Culture Became the Number One Point for me: Gartner’s Siobhan Meikleon Finding her Voice as a Leader

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Siobhan Meikle is a senior account manager at Gartner, where her skills have skyrocketed in her career advancement. Starting as a junior account executive to leading a team in her latest role, she says Gartner’s inclusive work culture is a major key to her recent success. 

“The massive difference between Gartner and the other companies I have worked for is the support in reaching my career goals. I think what Gartner does well is investing in training and understanding their individual employees’ needs to make sure that they, as a company, can give back to the employee based on their progression goals for their futures,” Meikle said. 

Gartner is a leading global company using advanced technology and research to support companies in making the best business-related decisions to reach their goals and objectives. As a global leader, the company’s commitment to diversity extends beyond its internal team to the communities they serve.

This commitment would compel Meikle, who, throughout her career, experienced the pitfalls of being the minority in offices, to join Gartner, a company she says understands diversity, equity, and its intersectionalities. 

The road to Gartner has taken Meikle through experiences of trial and error where she would be confronted with her own biases, finding confidence within herself, and learning how to navigate the corporate space as a Black professional. She says she leaned on BYP and other professional networking opportunities to find her footing along her journey. 

“I studied sociology at university, and when I finished, I didn’t know what I wanted to go into, so I went to a couple of graduate fairs, including one that BYP held back then in 2018, which connected me with quite a few recruitment agencies, financial service institutions, and different roles and job experiences that I didn’t consider beforehand.”

We sat with the senior account manager, who shared her experience with workplace microaggressions and how she found her voice as a Black woman in the corporate world. 

BYP: Have you experienced microaggression in your career?

Meikle: When I first started one of my workplaces, I liked to wear protective hairstyles. For many Black and ethnic minorities, we want to wear braids, weaves, or wigs. When I removed my protective style and wore my natural hair, my manager commented on my hairstyle as soon as I walked into the office. For two and a half weeks, my manager asked my colleagues if they knew I wore a wig. At first, I didn’t say anything because I thought it was naivety regarding women and hair. But when other people let him know from their perspective that it wasn’t just me wearing wigs, they noticed that he kept focusing on me and I was the only woman of colour in the office. At that point, I did take it as a form of microaggression, and I uncomfortably pulled him aside and asked him if we could drop the subject of my hair.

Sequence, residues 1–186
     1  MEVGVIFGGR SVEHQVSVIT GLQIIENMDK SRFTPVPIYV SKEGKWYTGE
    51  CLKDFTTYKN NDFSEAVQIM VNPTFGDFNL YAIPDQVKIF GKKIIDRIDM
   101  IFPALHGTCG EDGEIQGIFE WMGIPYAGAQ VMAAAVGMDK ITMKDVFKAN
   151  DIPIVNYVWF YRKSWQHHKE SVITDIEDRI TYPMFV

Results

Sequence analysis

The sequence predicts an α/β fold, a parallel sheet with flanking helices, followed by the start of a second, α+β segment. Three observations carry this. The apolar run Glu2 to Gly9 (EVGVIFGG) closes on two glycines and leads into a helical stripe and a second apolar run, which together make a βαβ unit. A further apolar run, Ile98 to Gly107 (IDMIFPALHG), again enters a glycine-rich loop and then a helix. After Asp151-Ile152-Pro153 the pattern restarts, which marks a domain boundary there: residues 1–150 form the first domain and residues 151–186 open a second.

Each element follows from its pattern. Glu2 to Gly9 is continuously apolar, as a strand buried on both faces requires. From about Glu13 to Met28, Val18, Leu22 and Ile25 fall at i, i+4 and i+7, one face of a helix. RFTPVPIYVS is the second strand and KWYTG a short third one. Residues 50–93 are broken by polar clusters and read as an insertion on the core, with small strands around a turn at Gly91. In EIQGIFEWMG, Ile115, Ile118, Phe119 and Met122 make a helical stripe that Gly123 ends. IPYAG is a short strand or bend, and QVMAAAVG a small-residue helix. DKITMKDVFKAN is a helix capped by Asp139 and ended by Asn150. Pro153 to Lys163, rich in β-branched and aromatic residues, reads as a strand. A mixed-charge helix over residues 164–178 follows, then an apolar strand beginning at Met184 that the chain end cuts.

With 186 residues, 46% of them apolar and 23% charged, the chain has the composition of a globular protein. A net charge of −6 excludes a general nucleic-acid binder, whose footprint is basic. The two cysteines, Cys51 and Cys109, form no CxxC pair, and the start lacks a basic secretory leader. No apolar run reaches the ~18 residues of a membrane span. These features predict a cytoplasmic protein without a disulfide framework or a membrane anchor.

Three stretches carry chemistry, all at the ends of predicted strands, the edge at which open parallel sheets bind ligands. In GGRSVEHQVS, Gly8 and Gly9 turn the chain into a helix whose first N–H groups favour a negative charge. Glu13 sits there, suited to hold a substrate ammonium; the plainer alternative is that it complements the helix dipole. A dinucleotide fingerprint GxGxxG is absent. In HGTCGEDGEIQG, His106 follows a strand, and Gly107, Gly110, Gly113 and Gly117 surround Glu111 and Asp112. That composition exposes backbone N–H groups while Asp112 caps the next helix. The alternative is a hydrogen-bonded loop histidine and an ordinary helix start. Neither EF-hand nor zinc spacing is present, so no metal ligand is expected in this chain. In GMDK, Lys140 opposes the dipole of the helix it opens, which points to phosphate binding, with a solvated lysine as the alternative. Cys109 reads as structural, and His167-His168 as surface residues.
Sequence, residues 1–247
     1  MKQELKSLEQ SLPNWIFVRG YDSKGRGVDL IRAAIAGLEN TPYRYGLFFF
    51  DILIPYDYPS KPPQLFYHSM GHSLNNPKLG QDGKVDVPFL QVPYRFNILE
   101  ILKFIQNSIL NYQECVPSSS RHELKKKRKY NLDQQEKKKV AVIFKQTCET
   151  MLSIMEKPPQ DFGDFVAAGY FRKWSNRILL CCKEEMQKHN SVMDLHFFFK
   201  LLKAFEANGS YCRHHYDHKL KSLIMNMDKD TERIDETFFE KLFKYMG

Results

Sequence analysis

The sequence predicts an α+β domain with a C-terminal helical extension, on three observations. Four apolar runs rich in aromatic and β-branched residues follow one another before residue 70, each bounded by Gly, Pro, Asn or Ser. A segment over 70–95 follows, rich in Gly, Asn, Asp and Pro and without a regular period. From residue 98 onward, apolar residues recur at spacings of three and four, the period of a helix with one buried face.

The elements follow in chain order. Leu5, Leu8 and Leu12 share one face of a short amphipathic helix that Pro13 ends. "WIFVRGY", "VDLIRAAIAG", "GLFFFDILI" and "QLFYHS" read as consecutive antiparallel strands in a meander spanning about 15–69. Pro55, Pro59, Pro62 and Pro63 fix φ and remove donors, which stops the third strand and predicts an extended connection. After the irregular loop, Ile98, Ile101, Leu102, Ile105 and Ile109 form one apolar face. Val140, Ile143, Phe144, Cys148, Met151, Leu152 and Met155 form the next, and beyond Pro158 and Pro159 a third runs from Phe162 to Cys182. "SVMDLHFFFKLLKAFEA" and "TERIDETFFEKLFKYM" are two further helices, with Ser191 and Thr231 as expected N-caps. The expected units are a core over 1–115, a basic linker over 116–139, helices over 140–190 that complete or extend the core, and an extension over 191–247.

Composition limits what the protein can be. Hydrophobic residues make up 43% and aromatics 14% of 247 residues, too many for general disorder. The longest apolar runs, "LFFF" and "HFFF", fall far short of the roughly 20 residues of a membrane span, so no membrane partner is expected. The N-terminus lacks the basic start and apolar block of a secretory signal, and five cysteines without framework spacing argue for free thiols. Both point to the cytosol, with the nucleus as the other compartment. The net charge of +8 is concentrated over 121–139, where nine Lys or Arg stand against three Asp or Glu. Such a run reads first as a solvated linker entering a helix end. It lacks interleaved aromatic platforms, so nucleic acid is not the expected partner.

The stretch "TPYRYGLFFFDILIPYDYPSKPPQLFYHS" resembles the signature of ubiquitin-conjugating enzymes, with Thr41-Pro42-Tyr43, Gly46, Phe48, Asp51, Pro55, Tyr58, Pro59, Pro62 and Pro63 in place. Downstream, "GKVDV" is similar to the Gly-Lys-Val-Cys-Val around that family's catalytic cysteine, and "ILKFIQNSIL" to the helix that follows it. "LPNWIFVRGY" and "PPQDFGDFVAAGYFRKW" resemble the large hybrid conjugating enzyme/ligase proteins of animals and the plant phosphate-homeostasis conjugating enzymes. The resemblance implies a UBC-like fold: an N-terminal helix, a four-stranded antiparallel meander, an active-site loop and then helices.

BYP: You mentioned in previous roles you were the only woman of colour. How important is it that there is Black role model visibility in the workplace?

Meikle: In my previous role, there was no representation of myself in the company. And maybe that’s why it took me so long to address the previously mentioned conversation because I didn’t feel like there was a safe space in that company for my issues to be recognised. There is that fear of,” Is my voice going to be heard?” This is something that I had to battle with and remember my right as an individual. It highlighted for me the value I need to place on myself as a worker in a company and not be scared to say my piece, when I know my results reflect what it needs to. Not having representation didn’t give me the safe space to come to those realisations sooner; it also made me lack the respect I needed from my manager because I couldn’t voice my frustrations to anyone. 

BYP: BYP is a proud Gartner partner, and we’re excited to learn more about their initiatives. Can you share what groups you’re involved with? 

Meikle: Our DEI Group looks at how Gartner can do more in the community to give back to those intersecting groups, not just financially, but through education, personal experience, and massive opportunity. Gartner connects a lot with different third parties that specialise with other intersecting groups, and they go above and beyond, but they also ask us who we would like Gartner to support and connect with more. 

BYP: You’ve been following BYP since 2018. Can you discuss the importance of having a global network of Black professionals outside the workplace?

Meikle: To have a network like BYP where all of me is in that room and all of me is aspiring to the same goals, and there are people in that room who are already reaching the goals I want to achieve is inspiring. I’ve heard their stories, journeys, and tips and tricks that have allowed them to manoeuvre in a workplace that, unfortunately, isn’t set up for us.

Learn more about Gartner’s company culture and how they support their Black professional team members by visiting their employee profile.

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